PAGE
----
4. Is the work required of an auditor on an entity’s compliance with laws and regulations, and those procedures to identify irregularity, including fraud, sufficient to meet the needs and legitimate expectations of users? If not, what additional work would you require and why? A lot more work would be required to identify fraud and meet the expectations of users of financial statements. What that work might be can only come out of an examination of past audit failings.
  5. Should the FRC take further steps to increase the value of extended auditor reporting to users of financial statements? If you agree, what material would you like to see included in auditor’s reports? It’s not a case of more extended auditor reporting being required – more information will just cloud the picture. We just need to have more confidence in the accounts as reported.
  6. to assess whether management’s use of the going concern basis of accounting as required by IFRS or UK GAAP is appropriate. How could auditors make their assessment of greater value to users of financial statements? Please set out what steps you believe should be required to better underpin confidence in audit and audited financial statements. The “going concern” requirement is clearly inadequate as so many companies pass the current standard and yet go into administration or have to be bailed out before the next year end. There should not be a single “black/white” comment on the financial health of a company, but a range of reported measures. One problem at present is that both auditors and companies are desperate to avoid “qualified” accounts with the undesirable consequence that minor issues (which might point to major problems) are not reported.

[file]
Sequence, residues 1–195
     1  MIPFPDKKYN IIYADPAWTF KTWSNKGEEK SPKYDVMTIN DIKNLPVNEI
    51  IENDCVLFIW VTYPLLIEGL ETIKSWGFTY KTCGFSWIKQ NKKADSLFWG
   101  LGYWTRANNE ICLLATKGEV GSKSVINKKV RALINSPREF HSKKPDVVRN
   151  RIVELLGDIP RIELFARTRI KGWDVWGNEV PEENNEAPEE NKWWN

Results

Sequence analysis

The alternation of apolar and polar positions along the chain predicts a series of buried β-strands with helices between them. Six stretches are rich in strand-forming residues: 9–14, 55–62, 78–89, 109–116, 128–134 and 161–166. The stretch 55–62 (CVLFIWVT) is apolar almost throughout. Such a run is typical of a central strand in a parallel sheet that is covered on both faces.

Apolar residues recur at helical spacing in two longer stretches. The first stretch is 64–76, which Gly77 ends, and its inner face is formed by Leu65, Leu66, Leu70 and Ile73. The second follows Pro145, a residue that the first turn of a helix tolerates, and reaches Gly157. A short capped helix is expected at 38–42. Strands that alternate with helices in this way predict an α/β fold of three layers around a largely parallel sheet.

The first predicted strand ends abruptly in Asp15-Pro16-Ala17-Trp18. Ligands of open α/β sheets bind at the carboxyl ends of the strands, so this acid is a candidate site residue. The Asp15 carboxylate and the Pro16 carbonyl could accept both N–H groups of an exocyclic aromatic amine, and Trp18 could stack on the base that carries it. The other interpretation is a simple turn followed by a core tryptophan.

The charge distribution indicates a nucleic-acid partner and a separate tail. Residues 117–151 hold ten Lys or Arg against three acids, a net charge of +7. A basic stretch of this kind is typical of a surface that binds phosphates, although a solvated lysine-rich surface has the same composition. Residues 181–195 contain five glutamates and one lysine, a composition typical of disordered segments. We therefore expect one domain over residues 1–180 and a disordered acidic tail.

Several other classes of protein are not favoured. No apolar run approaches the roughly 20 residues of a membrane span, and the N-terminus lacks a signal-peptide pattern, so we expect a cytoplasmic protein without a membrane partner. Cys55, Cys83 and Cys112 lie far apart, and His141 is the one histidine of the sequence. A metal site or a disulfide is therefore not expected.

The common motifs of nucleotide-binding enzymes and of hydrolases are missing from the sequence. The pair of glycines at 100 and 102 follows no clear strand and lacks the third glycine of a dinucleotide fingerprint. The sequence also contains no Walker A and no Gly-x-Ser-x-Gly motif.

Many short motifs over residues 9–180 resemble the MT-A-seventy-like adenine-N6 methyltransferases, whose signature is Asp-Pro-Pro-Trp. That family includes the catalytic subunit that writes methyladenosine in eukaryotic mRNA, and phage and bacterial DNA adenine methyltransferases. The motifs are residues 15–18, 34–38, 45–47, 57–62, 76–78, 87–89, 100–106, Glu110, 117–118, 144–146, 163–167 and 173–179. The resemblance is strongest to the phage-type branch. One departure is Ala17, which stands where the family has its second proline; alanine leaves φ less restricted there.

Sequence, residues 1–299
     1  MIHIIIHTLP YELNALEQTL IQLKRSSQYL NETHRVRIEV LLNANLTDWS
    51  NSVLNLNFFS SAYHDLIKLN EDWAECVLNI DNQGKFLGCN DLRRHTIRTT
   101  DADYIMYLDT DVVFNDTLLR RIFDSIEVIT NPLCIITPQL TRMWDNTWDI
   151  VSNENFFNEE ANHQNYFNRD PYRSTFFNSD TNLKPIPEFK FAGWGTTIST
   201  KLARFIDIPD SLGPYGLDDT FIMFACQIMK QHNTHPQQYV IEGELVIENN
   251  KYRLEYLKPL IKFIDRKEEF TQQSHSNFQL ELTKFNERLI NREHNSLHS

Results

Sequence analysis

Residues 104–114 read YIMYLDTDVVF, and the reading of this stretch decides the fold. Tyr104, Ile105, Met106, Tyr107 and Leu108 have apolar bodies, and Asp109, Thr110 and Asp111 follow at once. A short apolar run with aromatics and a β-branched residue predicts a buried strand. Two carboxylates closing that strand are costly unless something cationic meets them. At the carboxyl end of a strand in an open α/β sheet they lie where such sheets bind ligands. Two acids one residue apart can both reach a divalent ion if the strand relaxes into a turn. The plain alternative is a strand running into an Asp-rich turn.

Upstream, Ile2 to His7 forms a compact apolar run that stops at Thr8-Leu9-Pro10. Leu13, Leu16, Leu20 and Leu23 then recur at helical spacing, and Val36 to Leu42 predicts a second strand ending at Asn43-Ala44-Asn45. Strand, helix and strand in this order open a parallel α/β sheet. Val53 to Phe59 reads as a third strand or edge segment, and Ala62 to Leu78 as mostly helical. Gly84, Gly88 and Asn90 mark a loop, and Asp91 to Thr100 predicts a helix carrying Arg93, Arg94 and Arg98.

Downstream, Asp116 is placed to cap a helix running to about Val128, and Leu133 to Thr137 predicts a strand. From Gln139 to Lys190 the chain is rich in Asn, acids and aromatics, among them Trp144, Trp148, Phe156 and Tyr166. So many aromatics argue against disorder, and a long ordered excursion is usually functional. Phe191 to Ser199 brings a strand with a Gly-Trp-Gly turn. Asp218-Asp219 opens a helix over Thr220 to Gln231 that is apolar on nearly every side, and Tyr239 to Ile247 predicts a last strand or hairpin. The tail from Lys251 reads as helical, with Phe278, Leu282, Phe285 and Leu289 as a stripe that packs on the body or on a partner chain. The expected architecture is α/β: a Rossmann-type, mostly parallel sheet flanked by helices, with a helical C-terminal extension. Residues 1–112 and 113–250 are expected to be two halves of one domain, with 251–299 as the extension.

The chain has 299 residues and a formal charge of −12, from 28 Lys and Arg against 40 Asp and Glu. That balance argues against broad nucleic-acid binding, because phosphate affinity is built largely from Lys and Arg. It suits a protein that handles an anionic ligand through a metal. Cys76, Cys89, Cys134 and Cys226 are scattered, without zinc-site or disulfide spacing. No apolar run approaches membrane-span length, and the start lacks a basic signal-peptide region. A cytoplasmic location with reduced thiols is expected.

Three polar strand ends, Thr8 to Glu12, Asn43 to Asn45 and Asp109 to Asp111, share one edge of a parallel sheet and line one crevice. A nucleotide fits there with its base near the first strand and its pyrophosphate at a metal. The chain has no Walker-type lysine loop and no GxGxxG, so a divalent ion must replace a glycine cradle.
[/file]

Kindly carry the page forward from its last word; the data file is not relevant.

There was a very interesting letter in today’s Financial Times on this subject. It was from Rodger Hughes of The Family Building Society. He said that the key driver of audit quality is the ability and attitude of audit partners and managers, but he suggested that increased compliance regulations and more auditor insecurity might have made matters worse. He concludes by saying “What is lacking and urgently needed is an authoritative study of audit failures and the underlying causes”. I wholeheartedly agree with that comment as it seems the FRC has been focussed on other than the key issues.

Roger Lawson (Twitter: https://twitter.com/RogerWLawson )

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Improving Auditing – It’s Certainly Time

Readers don’t need to be reminded that many of the most damaging events for investors in public companies in recent years have arisen because of the failures of auditors to identify misleading accounts, if not downright fraud in some cases. The Kingman review of the FRC and the views of the Competition and Markets Authority (CMA) suggest that there is a widely recognised problem in the quality of work done by auditors and the regulation of the profession.